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The question states that...

Given the vectors $\mathbf p=[-1,3,0]$ and $\mathbf s=[1,-5,2]$, find the components of a vector perpendicular to each other.

You're supposed to find a vector that is perpendicular to both $\mathbf p$ and $\mathbf s$, we're supposed to use the dot product to find the answer but I don't understand how you can get the coordinates.

Let vector $\mathbf a$ be perpendicular to both $\mathbf p$ and $\mathbf s$

This means that... $\mathbf a\cdot \mathbf p =0$ and $\mathbf a\cdot \mathbf s=0$

$$\mathbf a\cdot \mathbf p= -a_1 +3a_2 \\ \mathbf a\cdot \mathbf s= a_1 -5a_2 +2a_3 \\ \text{etc...}$$

How do you resolve this?

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Your system of equations $$ -a_1+3a_2=0 \\ a_1-5a_2+2a_3=0 $$ has solution: $$ a_1=3a_2 \ \ \ \ \ a_3=a_2 $$ thus any vector $(3x,x,x)$, $ \ \forall x\in\mathbb{R}$, will be the solution to your problem. In fact the vectors $(3x,x,x)$, $ \ \forall x\in\mathbb{R}$, belong to a $1d$ subspace of the Euclidean $3d$ space, which is the perpendicular direction to the plane defined by $\mathbf{p}$ and $\mathbf{s}$.

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You have $$-n_1+3n_2=0$$ $$n_1-5n_2+2n_3=0$$

Choose one of the three variables freely (but not zero) and solve the remaining system.

It can happen that the remaining system does not have a unique solution (not the case here, no matter which variable you choose).

Bue even this is no problem because in this case you can choose a second variable freely (even $0$).

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$$ \begin{align} q\cdot(-1,3,0)=0&\implies-q_1+3q_2=0\\ q\cdot(1,-5,2)=0&\implies q_1-5q_2+2q_3=0 \end{align} $$ If $q_2=t$, then $q_1=3t$ and $q_3=t$. Therefore, $q=(3,1,1)t$. That is, $$ q\parallel(3,1,1) $$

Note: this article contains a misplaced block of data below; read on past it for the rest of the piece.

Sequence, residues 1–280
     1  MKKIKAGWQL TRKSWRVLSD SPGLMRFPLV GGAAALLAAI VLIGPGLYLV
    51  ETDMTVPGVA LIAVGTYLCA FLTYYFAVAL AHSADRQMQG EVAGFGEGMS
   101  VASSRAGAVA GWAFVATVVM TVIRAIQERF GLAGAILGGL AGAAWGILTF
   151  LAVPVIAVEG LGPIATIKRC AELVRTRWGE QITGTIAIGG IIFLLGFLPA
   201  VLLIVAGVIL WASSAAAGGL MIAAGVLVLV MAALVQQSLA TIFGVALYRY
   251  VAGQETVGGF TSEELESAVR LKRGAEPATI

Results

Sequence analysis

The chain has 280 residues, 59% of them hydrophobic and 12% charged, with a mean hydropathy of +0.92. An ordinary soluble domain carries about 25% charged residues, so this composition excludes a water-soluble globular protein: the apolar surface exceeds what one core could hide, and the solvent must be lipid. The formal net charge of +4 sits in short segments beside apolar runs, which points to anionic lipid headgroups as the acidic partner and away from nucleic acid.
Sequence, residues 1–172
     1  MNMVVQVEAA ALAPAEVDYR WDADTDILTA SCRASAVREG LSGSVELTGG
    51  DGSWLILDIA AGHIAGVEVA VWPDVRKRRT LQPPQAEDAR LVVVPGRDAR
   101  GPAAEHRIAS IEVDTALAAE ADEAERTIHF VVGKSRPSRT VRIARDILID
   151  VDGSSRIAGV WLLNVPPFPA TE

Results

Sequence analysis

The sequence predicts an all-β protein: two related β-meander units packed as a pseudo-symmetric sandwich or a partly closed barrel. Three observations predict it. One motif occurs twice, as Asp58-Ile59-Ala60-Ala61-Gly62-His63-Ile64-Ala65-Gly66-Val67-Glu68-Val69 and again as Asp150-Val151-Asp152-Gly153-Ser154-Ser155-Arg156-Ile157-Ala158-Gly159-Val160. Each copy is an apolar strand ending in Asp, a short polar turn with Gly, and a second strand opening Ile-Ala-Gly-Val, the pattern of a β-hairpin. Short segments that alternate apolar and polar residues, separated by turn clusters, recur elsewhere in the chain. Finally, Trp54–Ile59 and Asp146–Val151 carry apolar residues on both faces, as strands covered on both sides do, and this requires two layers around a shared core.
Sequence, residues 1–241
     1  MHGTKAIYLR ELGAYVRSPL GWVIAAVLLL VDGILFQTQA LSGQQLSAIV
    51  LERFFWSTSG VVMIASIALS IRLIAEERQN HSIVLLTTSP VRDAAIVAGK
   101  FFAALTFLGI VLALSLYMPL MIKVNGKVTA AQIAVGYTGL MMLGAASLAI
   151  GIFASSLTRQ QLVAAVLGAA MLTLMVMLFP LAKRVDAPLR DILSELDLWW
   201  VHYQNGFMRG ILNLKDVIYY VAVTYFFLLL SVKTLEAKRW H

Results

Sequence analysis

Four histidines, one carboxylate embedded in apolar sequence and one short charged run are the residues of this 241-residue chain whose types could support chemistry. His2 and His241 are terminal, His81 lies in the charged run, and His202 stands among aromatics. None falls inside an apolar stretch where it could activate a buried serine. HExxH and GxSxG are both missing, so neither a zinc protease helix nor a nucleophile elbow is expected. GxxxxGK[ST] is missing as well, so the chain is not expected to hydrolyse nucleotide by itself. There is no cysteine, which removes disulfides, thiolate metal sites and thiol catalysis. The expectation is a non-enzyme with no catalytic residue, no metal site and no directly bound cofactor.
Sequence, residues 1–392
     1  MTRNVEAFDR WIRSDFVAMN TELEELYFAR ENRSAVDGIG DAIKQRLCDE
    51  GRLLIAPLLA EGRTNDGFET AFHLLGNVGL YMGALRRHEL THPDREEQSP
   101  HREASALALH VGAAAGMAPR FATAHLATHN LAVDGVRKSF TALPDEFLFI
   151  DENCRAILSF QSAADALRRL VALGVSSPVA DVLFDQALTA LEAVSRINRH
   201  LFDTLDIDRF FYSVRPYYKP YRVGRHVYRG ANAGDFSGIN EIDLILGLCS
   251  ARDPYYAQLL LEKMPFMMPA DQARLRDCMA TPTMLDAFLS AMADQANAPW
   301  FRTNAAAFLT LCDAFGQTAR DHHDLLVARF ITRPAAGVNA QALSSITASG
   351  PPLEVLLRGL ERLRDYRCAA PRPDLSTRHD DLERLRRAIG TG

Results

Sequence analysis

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The automatic answer is the cross-product $\mathbf p\times\mathbf s$, or any collinear vector. Its coordinates are the minors of order $2$ of the $3\times 2$ matrix : $$M_1=\begin{vmatrix}3& -5\\0&2\end{vmatrix}=6,\quad M_2=-\begin{vmatrix}-1&1\\0&2\end{vmatrix}=2,\quad M_3=\begin{vmatrix}-1&1\\3& -5\end{vmatrix}=2$$ We'll take the simplified vector $\;\mathbf a=\begin{bmatrix}3 \\1\\1\end{bmatrix}.$

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In general, to find a vector that’s orthogonal to some set of vectors $\{\mathbf v_1, \dots, \mathbf v_k\}$ you need to solve the system of linear equations $\mathbf v_i\cdot\mathbf x=0$, $i=1..k$. This amounts to computing the kernel (nullspace) of the matrix that has these vectors as rows.

In $\mathbb R^3$ you also have the simple option of taking the cross product of two vectors to find a third vector orthogonal to them both. Of course, any scalar multiple of this product will also be orthogonal. Note, though, that this method fails if the given vectors are linearly dependent i.e., scalar multiples of each other, since the cross product will vanish. The zero vector is indeed trivially orthogonal to them, but there’s an entire orthogonal plane that it misses.

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